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Ja Morant's father applauds Jazz for bridging the gap after Game 2's vulgar taunts

Ja Morant's father applauds Jazz for bridging the gap after Game 2's vulgar taunts

(Rick Bowmer, Associated Press)



SALT LAKE CITY — The simplicity of the video gave it power: No music, no quick cuts, no effects — just black words against a white backdrop.

After what had occurred throughout the NBA during the first round of the playoffs, including in Salt Lake City, those words shared a much-needed message.

"Some things are bigger than basketball. Everyone who enters this arena deserves respect — including our opponents," the public service announcement read before tipoff of Utah's Game 5 win over Memphis. "We have zero tolerance for hateful, disrespectful or offensive behavior of any kind. Certain lines should never be crossed.

"When we come into this arena, we represent the Jazz. We represent Utah. We can be the loudest as well as the most respectful arena in the league. Let's protect our house and the people in it."

The new addition to the pregame program stemmed from the actions of three fans who directed racial and vulgar remarks to members of Ja Morant's family during Game 2 of the first-round series.

The incident was enough to keep Morant's mother, Jamie, from coming back to Salt Lake City for Game 5. But, surprisingly enough, the encounter ended on a happy note.

ESPN released a video Thursday of a conversation between Ja Morant's father, Tee Morant, and Donovan Mitchell immediately following Utah's series-clinching win over Memphis Wednesday.

"Hey yo, I'm going for y'all right now," Tee Morant told Mitchell. "Why? Y'all didn't have to do that. Y'all didn't have to show love to us like that."

How did the Jazz reach out?

The Jazz came down hard on the fans in question, banning them from Vivint Arena indefinitely. The organization, including majority owner Ryan Smith, also offered apologies to the Morant family about the actions of the few fans and heightened security measures to try to eliminate those incidents in the future.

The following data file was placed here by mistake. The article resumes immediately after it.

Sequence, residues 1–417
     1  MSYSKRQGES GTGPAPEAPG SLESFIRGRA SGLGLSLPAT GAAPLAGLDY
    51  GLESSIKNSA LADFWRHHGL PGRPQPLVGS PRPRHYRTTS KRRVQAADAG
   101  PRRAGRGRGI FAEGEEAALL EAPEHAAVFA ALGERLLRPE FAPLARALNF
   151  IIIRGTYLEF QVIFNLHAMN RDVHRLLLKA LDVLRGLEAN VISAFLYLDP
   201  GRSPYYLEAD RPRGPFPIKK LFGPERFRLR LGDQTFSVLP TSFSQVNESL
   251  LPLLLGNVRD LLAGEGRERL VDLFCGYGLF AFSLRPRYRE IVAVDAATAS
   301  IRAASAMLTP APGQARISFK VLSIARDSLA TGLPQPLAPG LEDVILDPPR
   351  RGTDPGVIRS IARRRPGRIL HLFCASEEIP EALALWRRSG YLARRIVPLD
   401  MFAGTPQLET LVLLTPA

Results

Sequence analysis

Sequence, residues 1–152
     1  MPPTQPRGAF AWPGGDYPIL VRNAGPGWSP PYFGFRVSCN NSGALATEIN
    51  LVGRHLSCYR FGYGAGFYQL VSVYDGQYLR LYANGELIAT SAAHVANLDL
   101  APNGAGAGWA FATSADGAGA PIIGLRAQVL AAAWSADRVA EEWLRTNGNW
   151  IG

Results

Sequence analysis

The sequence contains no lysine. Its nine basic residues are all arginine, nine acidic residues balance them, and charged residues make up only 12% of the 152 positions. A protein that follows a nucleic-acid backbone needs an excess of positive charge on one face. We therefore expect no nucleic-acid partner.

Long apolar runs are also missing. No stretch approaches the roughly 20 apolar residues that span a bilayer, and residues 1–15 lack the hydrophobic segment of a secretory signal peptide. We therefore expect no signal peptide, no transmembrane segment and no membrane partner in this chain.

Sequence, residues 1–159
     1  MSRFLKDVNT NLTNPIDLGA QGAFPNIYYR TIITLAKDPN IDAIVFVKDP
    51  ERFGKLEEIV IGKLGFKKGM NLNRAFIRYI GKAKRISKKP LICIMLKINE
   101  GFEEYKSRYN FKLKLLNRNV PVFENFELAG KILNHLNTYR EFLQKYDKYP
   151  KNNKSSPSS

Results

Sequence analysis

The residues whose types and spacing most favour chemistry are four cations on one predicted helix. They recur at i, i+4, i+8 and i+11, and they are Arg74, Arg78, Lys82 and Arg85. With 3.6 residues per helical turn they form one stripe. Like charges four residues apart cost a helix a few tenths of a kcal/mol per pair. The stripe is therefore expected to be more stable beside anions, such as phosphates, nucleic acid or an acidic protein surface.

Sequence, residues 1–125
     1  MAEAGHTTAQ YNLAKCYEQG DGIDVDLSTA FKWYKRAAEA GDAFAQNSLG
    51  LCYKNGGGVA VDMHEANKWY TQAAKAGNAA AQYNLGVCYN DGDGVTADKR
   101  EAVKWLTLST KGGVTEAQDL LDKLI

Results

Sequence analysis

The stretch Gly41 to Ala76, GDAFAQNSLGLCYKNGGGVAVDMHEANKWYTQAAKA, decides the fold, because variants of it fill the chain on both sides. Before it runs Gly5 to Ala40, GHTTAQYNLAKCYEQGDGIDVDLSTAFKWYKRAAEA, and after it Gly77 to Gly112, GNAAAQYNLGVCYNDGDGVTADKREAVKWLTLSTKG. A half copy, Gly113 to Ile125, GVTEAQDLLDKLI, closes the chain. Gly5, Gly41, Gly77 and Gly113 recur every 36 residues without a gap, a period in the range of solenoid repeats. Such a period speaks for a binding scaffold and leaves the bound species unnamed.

Smith then provided complimentary courtside tickets, lodging and a car service for Morant's group of family and friends for Wednesday's game. While his mother didn't make the trip, there were five members of the Morant party at the game.

When the PSA was shown before tip off, it was heavily applauded by the over 14,000 fans in attendance — proving what Tee Morant had said that most of the fans were "great" to interact with during the game. Then, as Ja Morant was introduced in the starting lineup, the obligatory boos turned to cheers. It was almost like the fan base was trying to apologize for the worst of its members.

"This is what I'm saying: When (stuff) goes bad and then you reach out, that's how you bridge the gap," Tee Morant told Mitchell. "Most people don't realize that. That's why I appreciate you, and that's why I hope the Jazz win the championship."

Mitchell told ESPN that the way the Jazz handled the situation — from top on down — shows that positives can come out of the ugliness that took place in the first couple weeks of the playoffs, not to mention the other unfortunate remarks in the past that have caused the Utah fan base to have a negative reputation throughout much of the league.

"We're not going to let people's ignorant comments, people throwing popcorn, people spitting (tarnish the NBA)," Mitchell told ESPN. "The NBA as a whole, each individual team and as a league, are finding ways to show that we stand for what is right and not letting these fans who get out of control deter us from this sport that we love and everything that we enjoy."

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